Post written by Yuqin Cai:
Design for non-designer boot camp in 60 minutes.
Last weekend, thanks to a complimentary pass from WiMLDS, I attended Pygotham 2016 which was held in the United Nations Conference Building on the East River in New York City. The event was very well-organized, with tons of inspiring talks and hundreds of passionate people. For me, it was the best summer camp ever!!! What was most hilarious was to watch nerds in geeky T-shirts trying very hard to put on a politian/diplomat’s hat and opening their talks with “Mr. President, Mr. Secretary General, fellow delegates, ladies and gentlemen: … ”
Here is one talk entitled “Design for Non-Designers” that I would like to share because you can implement in less than an hour the practical aesthetic essentials in your own website/APP UX design and presentations. This talk was given by Tracy Osborn (@limedaring, limedaring.com, https://github.com/limedaring), a California Bay Area designer, developer and entreprenerd who also wrote a book with the title “Hello Web App” that teaches people how to design and build their own custom web apps using Python and Django.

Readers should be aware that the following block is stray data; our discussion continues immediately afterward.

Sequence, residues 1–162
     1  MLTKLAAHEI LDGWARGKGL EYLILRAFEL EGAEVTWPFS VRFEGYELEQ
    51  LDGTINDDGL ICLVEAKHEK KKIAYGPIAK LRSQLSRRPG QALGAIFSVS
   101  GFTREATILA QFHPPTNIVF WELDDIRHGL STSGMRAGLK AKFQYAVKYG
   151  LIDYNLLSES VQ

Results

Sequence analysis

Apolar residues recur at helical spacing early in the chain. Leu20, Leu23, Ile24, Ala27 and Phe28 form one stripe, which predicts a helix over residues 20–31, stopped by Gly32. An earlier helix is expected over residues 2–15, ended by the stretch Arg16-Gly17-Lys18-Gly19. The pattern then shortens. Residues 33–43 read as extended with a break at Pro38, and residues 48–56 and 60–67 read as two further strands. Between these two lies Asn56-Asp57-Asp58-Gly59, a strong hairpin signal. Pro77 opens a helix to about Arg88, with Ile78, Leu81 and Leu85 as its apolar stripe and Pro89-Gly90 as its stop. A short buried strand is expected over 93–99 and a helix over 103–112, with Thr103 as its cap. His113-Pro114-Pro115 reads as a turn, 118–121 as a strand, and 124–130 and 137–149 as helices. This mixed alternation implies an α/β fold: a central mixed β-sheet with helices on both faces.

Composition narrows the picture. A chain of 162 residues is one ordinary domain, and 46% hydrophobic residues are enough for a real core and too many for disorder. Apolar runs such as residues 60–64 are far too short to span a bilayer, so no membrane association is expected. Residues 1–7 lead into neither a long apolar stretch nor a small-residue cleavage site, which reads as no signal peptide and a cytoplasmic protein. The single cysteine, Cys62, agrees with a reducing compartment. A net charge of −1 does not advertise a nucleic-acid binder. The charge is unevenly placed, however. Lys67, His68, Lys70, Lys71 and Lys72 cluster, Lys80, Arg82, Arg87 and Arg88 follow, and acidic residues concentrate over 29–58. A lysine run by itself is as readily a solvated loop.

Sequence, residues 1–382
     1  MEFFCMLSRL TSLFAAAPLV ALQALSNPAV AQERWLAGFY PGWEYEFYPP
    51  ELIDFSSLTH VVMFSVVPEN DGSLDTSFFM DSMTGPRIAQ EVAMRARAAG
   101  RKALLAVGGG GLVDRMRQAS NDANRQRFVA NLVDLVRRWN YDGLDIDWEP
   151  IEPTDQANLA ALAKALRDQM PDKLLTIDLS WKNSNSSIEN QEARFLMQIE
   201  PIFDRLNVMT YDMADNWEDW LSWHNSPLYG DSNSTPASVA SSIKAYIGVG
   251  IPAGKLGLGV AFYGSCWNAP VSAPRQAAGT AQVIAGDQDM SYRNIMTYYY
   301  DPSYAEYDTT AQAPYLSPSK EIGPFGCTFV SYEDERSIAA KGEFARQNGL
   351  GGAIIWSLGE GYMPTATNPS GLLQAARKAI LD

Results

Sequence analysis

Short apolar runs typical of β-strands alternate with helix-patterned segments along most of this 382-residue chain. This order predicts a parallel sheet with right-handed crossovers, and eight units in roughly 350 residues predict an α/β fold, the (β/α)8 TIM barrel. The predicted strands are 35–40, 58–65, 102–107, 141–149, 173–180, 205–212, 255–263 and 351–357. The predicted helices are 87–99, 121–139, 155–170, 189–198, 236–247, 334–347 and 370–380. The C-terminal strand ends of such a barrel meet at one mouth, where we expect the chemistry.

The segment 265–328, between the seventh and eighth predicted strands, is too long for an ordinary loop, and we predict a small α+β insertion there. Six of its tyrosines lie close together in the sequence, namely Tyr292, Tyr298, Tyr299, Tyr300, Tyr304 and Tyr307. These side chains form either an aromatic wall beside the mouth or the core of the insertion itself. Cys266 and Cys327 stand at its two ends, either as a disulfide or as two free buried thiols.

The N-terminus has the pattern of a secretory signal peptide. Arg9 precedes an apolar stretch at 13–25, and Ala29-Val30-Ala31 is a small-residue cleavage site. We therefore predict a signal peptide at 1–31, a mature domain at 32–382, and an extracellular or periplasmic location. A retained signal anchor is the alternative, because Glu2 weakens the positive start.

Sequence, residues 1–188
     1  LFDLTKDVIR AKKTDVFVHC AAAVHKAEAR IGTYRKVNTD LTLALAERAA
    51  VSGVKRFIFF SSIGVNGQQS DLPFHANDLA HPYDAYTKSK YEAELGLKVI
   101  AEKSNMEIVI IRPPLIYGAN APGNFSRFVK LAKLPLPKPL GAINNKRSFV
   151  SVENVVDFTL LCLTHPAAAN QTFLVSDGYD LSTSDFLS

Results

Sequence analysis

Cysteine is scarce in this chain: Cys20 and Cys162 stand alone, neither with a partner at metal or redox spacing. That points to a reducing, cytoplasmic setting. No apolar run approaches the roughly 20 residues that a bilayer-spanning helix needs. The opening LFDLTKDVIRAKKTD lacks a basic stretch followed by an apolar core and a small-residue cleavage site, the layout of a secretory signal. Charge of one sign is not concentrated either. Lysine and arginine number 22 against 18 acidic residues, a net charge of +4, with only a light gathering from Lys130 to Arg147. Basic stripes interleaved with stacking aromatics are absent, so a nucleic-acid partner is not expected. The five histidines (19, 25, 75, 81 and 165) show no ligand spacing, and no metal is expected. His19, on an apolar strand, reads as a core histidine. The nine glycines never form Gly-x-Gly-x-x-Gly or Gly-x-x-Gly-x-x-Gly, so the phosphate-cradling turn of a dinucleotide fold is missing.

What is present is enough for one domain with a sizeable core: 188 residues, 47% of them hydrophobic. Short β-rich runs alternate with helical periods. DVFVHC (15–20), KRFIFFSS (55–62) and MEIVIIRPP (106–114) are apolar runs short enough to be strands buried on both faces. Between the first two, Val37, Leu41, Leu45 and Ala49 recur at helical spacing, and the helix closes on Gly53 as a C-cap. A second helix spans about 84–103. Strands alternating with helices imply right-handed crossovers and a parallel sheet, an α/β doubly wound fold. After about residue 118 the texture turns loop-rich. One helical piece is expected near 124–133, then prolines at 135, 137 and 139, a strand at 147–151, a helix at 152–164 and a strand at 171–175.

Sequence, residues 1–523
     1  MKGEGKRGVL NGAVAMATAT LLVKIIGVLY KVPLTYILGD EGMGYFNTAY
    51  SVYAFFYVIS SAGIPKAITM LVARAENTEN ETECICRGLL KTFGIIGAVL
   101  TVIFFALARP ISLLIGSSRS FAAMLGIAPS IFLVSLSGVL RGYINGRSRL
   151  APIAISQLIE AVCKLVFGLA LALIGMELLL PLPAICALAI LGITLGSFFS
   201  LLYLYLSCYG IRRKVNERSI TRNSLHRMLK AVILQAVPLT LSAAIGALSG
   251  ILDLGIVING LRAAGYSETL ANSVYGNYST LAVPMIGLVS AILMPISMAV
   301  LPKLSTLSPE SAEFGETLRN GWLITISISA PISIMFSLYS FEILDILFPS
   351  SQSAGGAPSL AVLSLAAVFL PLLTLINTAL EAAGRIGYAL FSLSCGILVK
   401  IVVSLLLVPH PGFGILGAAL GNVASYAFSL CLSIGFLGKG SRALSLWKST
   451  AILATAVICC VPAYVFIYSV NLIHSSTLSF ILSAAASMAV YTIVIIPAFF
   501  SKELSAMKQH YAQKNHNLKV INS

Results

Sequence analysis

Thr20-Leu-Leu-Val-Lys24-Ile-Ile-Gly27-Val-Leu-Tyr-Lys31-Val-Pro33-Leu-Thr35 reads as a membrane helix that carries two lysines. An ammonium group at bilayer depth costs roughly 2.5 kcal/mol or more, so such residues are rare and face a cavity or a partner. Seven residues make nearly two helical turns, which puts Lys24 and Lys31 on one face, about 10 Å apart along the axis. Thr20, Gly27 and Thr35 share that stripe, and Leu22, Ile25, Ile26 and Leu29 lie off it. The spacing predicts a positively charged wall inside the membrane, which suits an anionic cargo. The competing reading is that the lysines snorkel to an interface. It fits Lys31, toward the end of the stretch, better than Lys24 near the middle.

The goal of the talk was to teach you effective basic designs that help you make an interface that works well without hiring a professional designer. Here are some rules to follow.
A shortcut is to use http://www.colourlovers.com/ to find most loved colors, palettes and patterns.
For a showcase of the best typefaces from the Google web fonts you can go here.
Typewolf also provides a curated collection of the 30 best Google fonts.
To sum up, you should aim for a clean design that reduce visual clutters, by keeping the number of fonts and colors low, adding white space, and lining things up. Follow some user experience principles. Ask what’s the most important action on your design? Make it easy to find and use. Big paragraphs are a sign of clutter–break into bullets if you can; add bold, and add white space. Keep headlines short and use natural friendly language. The benefits of good design could be instant, for example, greatly improved conversations or web profits.
A design process usually involves the following steps: sketch, mock it up, keep content short and easy to skim, make sure your goal is easy to find and use. After many “crab” moments, you finally get a “Yes!!!”
This blog is based on notes taken during the talk “Design for non-designers” by Tracy Osborn.